Thursday’s statement was the first time since Russia invaded Ukraine on February 24 that the ICRC – which plays an often-confidential role to check on prisoners of war – has said anything officially about POWs in the conflict.

“Normally, the ICRC will not tell you how these people are treated, but the ICRC will say whom they visited,” Sassoli said.

“But the ICRC – to the best of my knowledge, until this media release – did not clarify how many people it had access to, on both sides.”

Beyond its communication about the Azovstal fighters, the ICRC has not said whether it has registered other POWs or carried out any visits with POWs on either side of the war.



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Grand jury indicts Buffalo man accused of killing 10 Black people | Gun Violence News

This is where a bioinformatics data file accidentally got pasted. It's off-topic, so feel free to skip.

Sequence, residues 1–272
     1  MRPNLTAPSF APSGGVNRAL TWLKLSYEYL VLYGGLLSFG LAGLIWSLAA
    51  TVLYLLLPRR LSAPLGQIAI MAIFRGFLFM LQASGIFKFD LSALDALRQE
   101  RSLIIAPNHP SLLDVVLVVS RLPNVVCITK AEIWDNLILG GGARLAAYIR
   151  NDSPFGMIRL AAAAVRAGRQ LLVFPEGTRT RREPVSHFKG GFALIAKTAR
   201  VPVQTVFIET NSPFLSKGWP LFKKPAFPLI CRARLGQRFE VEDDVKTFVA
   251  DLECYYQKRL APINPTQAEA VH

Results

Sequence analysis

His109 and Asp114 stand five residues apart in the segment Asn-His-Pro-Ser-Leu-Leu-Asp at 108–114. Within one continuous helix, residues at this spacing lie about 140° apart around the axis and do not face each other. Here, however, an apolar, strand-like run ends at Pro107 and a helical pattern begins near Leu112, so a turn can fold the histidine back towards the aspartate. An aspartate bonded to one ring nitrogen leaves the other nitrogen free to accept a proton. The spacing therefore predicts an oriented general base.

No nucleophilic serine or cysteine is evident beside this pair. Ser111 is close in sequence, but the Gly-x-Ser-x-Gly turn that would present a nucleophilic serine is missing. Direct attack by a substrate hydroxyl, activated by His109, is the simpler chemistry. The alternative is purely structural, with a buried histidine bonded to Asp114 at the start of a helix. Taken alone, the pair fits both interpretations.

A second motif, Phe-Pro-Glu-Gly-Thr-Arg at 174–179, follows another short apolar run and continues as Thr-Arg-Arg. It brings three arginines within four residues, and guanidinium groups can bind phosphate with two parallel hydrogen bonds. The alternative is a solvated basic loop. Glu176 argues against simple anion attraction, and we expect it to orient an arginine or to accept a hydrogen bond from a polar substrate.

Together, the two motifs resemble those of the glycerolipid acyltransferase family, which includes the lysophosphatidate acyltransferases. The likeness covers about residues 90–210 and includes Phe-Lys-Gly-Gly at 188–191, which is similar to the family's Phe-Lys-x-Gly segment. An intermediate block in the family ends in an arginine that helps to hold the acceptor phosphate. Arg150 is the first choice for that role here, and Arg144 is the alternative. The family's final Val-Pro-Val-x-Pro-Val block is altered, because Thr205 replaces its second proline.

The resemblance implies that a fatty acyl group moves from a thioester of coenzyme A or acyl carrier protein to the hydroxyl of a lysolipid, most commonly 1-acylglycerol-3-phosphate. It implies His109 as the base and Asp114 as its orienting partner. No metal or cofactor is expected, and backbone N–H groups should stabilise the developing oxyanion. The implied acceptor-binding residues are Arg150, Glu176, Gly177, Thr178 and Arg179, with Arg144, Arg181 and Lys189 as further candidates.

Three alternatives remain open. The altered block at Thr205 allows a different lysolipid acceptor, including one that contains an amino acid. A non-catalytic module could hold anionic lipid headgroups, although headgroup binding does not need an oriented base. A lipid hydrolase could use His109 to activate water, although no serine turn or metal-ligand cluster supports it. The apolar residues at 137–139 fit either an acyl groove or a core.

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Payton Gendron, an 18-year-old white man, livestreamed the attack from a helmet camera, 13 people in total were shot.

Payton Gendron, the white man charged with murdering 10 Black people at a supermarket in Buffalo, New York has appeared briefly in court after a grand jury indicted him on a first-degree murder charge.

Gendron, 18, wore an orange jail uniform and a mask, and was silent throughout the one-minute proceeding on Thursday, attended by some relatives of the victims.

Assistant District Attorney Gary Hackbush said the indictment of Payton Gendron was handed down on Wednesday.